Search committees are dense, lazy, and have dozens of applications to read through. Instead of making them work to imagine you at their institution, do the work for them. Instead of assuming they will make the mental leaps between your experience and their needs, make that connection for them. It will make their job easier and set you apart from everyone else. They’ll already be able to see how you fit because you’ll have told them.

If you focus your cover letter on them first and within that context discuss how your talents, experience, and attitude will enhance the work they’re trying to do, you’ll already be ahead of the game.

You can get other cover letter ideas at this awesome library cover letter project. Are there other tricks, tips or advice that you’d give to new grads and others preparing for the job search?

Andy Burkhardt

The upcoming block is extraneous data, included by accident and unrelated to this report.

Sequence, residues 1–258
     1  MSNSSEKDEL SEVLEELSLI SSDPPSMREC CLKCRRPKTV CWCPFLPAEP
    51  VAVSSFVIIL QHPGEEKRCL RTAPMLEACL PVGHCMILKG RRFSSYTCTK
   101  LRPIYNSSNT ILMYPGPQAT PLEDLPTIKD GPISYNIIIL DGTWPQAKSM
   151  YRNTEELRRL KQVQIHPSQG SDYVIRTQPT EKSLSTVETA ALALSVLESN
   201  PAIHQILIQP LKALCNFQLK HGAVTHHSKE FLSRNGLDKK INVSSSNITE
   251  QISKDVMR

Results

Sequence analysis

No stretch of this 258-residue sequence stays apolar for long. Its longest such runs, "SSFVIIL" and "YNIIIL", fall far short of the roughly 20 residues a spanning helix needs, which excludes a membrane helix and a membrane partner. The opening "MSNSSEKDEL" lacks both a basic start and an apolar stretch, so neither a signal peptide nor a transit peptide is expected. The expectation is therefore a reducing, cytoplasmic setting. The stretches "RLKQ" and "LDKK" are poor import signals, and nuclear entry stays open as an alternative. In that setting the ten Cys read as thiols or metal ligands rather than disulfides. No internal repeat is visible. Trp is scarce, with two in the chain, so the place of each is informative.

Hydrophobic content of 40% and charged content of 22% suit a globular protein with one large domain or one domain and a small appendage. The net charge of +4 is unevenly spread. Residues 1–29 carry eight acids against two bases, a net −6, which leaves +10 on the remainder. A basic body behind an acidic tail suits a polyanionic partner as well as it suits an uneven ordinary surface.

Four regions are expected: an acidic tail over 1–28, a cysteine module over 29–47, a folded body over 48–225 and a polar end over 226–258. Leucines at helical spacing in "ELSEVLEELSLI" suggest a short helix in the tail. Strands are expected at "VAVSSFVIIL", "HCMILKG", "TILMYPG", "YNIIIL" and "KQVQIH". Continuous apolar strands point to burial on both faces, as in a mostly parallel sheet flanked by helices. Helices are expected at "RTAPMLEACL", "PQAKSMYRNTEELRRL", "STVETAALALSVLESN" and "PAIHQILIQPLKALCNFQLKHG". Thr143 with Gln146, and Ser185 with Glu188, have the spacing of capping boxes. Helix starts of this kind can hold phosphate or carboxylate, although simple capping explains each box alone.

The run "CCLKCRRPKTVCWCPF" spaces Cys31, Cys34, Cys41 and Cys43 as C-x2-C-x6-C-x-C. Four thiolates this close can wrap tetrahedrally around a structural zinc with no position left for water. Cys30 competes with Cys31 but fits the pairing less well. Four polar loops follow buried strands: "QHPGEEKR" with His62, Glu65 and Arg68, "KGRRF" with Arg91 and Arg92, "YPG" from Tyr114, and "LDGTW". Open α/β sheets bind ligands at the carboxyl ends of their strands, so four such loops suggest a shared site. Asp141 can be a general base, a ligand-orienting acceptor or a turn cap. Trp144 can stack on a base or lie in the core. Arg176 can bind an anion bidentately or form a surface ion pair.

1. Hint: Please don’t assume the hiring committees are all dense and lazy–it will come through in your letters. I’m sitting on four different search committees at this point and I’d like to think I don’t resemble that remark. Overloaded and desperately hoping for a brightly shining candidate amongst the bland and impersonal form letters is closer to how I feel.

  2. Abigail, sorry I didn’t quite mean that they were dense and lazy. I said that a bit more for effect. I’ve been on a lot of search committees too, and I was poking fun at what you alluded to in your comment: that search committees are overloaded and overwhelmed. It’s so much work being on a search committee, that if a candidate makes some of the connections for you as to how they’ll fit with your organization it eases the burden of committee members. Those ones, like you said, are the shining ones that jump out at you from the bland and impersonal applications. And your point is a good one. Search committees have a lot of work to do. If you can do some of that work for them your application will stand out. Thanks for the comment.